Articles Posted in Ask The Marketing Attorney Mailbag

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DEAR MAM: I read your comments in a recent article in Conde Nast Portfolio, and was wondering how easy it is to become a Super Lawyer? And how can I get rated somewhere? SINCERELY YOURS, LC, New York, NY

DEAR LC: To be honest, if you have a heartbeat and a JD, and can not get ranked by somebody somewhere, you’ve got serious problems. As a matter of fact, you can send me a thousand bucks and I will name you the “Marketing Attorney Lawyer of the Week” (complete with an e-mailed PDF of a “plaque” and a gold star sticker from my three year old daughter’s sticker book. I know it sounds sarcastic, but call me if you’ve got the grand handy.
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DEAR MAM: I read your recent post on Verizon Yellow Pages. I too have had enormous frustrations with their practices–how much things cost? When the deadlines occur? Errors in the ads? What should I do? Is there a person or department you suggest I contact with Verizon? SINCERELY YOURS, JB, Phoenix, AZ

DEAR JB: To be honest, I’m encouraging firms I work with to stop all Verizon Yellow Pages advertising, because of these types of issues. The reality, in my opinion, is that it is a dying entity. Besides the fact that there are numerous competitors (I do not know which book I keep in my own kitchen–Verizon or Yellow Book–myself), when I need to look something up, I go online anyway. And for one of my law firm clients, we have spent more time trying to resolve a dispute with Verizon this past year than we have on our own business development plan. The best bet is to simply cancel your listing all together. You can always go back later (regardless of “losing your spot in line” sales gimmickery). Perhaps, you will get a new manager or rep that can start you off fresh, or simply try some other marketing tools for a year or two and see how things net out. I have chosen to redirect some of the Verizon money to Yellow Book, simply to see if the product, services and results are any better. Please feel free to contact me privately for further information. Thanks for writing. I feel your pain. Sincerely yours, THE MARKETING ATTORNEY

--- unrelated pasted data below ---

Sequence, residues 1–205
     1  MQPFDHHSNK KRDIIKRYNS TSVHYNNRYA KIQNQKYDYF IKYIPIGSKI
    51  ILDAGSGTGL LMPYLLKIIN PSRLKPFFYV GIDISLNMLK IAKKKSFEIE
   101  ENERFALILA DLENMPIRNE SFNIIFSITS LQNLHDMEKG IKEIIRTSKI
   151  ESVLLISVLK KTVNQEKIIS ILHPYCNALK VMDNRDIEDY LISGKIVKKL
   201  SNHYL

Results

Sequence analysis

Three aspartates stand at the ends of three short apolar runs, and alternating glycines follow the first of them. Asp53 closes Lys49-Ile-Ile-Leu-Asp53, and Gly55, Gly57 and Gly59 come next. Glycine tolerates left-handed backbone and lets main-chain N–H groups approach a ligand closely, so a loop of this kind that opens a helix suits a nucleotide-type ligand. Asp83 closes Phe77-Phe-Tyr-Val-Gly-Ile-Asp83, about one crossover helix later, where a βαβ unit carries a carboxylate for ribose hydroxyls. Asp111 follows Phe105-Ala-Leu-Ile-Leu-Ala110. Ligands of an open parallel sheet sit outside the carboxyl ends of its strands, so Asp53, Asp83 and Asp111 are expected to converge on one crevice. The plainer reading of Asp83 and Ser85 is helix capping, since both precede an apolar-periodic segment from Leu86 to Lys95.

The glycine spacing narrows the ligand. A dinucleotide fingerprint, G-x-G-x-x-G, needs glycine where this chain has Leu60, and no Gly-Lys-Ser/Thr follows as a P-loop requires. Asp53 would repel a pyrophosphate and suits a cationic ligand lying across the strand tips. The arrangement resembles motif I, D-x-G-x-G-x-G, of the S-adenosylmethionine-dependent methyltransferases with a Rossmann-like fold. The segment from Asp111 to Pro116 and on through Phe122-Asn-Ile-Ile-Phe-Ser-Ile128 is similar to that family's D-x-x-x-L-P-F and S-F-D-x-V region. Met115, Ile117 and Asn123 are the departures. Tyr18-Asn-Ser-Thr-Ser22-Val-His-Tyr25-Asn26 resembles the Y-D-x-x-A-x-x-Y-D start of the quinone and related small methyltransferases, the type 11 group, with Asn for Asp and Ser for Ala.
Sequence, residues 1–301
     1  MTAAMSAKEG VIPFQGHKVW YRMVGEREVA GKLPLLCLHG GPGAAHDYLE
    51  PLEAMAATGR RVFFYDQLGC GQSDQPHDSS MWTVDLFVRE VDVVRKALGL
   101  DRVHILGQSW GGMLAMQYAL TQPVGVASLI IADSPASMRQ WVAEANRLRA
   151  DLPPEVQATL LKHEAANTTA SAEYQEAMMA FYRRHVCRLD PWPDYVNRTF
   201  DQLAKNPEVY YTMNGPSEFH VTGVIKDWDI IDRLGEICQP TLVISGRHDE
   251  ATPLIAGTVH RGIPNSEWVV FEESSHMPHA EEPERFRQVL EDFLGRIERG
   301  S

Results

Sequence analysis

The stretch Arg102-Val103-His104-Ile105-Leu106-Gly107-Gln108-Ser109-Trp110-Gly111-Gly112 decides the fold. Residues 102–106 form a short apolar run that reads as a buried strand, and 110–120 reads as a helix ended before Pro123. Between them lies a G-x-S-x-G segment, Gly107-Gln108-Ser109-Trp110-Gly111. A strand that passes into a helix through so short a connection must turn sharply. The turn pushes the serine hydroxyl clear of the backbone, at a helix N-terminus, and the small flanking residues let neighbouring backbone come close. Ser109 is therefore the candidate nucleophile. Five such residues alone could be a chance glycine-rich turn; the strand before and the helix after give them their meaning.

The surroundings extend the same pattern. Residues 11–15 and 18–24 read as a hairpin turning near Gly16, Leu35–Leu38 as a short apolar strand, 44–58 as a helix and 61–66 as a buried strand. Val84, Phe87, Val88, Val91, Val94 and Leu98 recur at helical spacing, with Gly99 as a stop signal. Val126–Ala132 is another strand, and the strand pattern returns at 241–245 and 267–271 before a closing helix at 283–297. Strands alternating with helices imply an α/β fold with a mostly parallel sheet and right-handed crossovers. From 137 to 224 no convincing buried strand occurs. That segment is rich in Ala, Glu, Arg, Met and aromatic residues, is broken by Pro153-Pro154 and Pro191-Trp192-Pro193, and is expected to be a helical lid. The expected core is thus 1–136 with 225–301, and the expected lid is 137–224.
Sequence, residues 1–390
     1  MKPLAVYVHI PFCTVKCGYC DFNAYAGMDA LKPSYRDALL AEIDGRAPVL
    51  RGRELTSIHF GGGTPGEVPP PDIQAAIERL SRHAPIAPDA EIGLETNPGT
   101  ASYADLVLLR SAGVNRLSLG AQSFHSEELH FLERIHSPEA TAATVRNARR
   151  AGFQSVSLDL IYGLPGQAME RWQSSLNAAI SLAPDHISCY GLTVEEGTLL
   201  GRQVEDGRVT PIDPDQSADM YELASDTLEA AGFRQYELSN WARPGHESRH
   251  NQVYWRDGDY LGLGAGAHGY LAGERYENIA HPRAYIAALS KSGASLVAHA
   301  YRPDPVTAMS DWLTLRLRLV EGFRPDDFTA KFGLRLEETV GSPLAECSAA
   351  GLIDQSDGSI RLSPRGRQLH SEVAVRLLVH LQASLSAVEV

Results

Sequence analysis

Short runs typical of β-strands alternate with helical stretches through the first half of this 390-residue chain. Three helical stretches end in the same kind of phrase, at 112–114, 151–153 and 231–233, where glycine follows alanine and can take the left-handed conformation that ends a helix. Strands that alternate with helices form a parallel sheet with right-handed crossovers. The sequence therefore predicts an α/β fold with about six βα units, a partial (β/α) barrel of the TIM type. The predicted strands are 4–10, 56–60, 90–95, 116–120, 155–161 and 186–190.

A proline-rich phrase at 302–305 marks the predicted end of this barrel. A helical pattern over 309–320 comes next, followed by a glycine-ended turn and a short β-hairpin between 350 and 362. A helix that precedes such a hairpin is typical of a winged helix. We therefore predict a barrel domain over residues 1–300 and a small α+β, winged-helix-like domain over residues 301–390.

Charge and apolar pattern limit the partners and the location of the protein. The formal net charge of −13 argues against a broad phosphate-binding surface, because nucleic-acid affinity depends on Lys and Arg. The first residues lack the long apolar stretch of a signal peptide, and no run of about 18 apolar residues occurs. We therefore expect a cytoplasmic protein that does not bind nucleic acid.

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DEAR MAM: I practice employment law at what would probably be considered a megafirm. A few of us are wondering whether it might be better to venture out on our own. In today’s market, do you think our futures are brighter staying put (we are on the partnership track, we think) or going out on our own? SINCERELY YOURS, JC, New York, NY

DEAR JC: Oh, the dilemma of sucking it up and earning big bucks with little life, or rolling the dice on making a good income and doing what you want. I know it well. Contrary to some recent reports, many have found recent success finding a niche that stands between a solo and a boutique–the mini-boutique. In most cases, the mini-boutique has a specialty in which a corporate client finds greater value and lower cost. In most cases that I’ve dealt with, the mini-b is started by partners that have a book of business to get rolling. So, unless you know that there will be some clients to get going, you might hold off a littler longer. Some of the mini-bs that have met with great success are IP and employment practices.

You think that you are on the partnership track? If you are within three years of that next level, stay the course and then reconsider venturing out. If you are a third-year associate, unless you have some clients that will be making the move, you may struggle. And, of course, there is always the opportunity to find a better fit at a full-size boutique. The grass is always greener, baby! Let me know how things play out. SINCERELY YOURS, THE MARKETING ATTORNEY